The whole setup is placed in a box, containing additional apertures and black shields (not shown in the figure) in order to minimize effects of stray light, which might otherwise get to the output in irregular ways. Such measures are particularly important in cases where very weak light in the presence of intense light at another wavelength needs to be analyzed – for example, in Raman spectroscopy. In some cases, one needs to use a dual monochromator (i.e., two such devices in a sequence) to achieve better suppression. Another solution may be to use a notch filter before the monochromator for attenuating light at the unwanted wavelength.
The diffraction grating is normally placed on a rotational stage; its position determines the center wavelength of the pass band. Some monochromators contain several gratings, often with different line spacings, for addressing different wavelength regions and/or working with different values of the transmission bandwidth. The rotational stage is often motorized, so that it can be computer-controlled. Some devices have a scale for the rotational position, possibly calibrated in nanometers. Simpler monochromators have a micrometer screw, and the user has to translate its scale readings into wavelength values.
Unfortunately, the dependence of pass band wavelength or optical frequency on the rotational angle is nonlinear; that may have to be compensated with software – for example, on a computer or a built-in microprocessor.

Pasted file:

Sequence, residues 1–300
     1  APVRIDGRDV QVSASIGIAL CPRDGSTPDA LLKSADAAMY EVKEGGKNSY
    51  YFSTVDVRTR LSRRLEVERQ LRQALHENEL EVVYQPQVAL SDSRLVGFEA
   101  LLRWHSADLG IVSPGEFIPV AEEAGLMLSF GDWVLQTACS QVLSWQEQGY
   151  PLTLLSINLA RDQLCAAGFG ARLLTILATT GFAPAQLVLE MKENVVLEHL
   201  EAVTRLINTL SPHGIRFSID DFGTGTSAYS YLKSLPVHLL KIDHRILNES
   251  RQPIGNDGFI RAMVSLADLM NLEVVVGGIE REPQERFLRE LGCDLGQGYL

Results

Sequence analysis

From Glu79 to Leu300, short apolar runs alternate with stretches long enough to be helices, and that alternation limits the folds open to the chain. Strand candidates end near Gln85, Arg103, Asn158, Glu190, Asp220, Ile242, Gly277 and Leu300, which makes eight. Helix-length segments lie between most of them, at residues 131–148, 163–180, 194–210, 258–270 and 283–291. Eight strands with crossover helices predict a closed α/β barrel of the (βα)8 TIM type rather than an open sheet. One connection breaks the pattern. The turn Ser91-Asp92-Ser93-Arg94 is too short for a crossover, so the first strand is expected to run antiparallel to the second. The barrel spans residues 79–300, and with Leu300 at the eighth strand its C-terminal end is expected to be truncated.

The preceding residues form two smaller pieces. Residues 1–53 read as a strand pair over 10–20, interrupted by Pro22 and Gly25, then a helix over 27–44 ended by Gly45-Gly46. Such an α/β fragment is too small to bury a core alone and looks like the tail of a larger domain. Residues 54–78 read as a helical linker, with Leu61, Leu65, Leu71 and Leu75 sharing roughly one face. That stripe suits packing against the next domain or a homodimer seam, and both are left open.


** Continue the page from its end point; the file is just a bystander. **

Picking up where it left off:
Spherical mirrors are actually problematic in conjunction with a large slit height due to their spherical aberrations. One may therefore either use toroidal collimating mirrors (a kind of aspheric optics) or curved slits to avoid such problems.
Typical achievable wavelength resolutions of such monochromators are about 0.01 nm to 0.1 nm. Devices with particularly high resolutions tend to be larger (using mirrors with long focal length and a grating with larger area); they also need to be built with high mechanical and thermal stability. Within some limits, relatively compact setups can be obtained by folding the beam path.
There are modified types of monochromators, for example the Fastie–Ebert monochromator wit a common collimator/refocusing mirror, and devices with two gratings for better resolution.
The quality of the diffraction grating can be important for the performance:
- Its diffraction efficiency determines the power losses.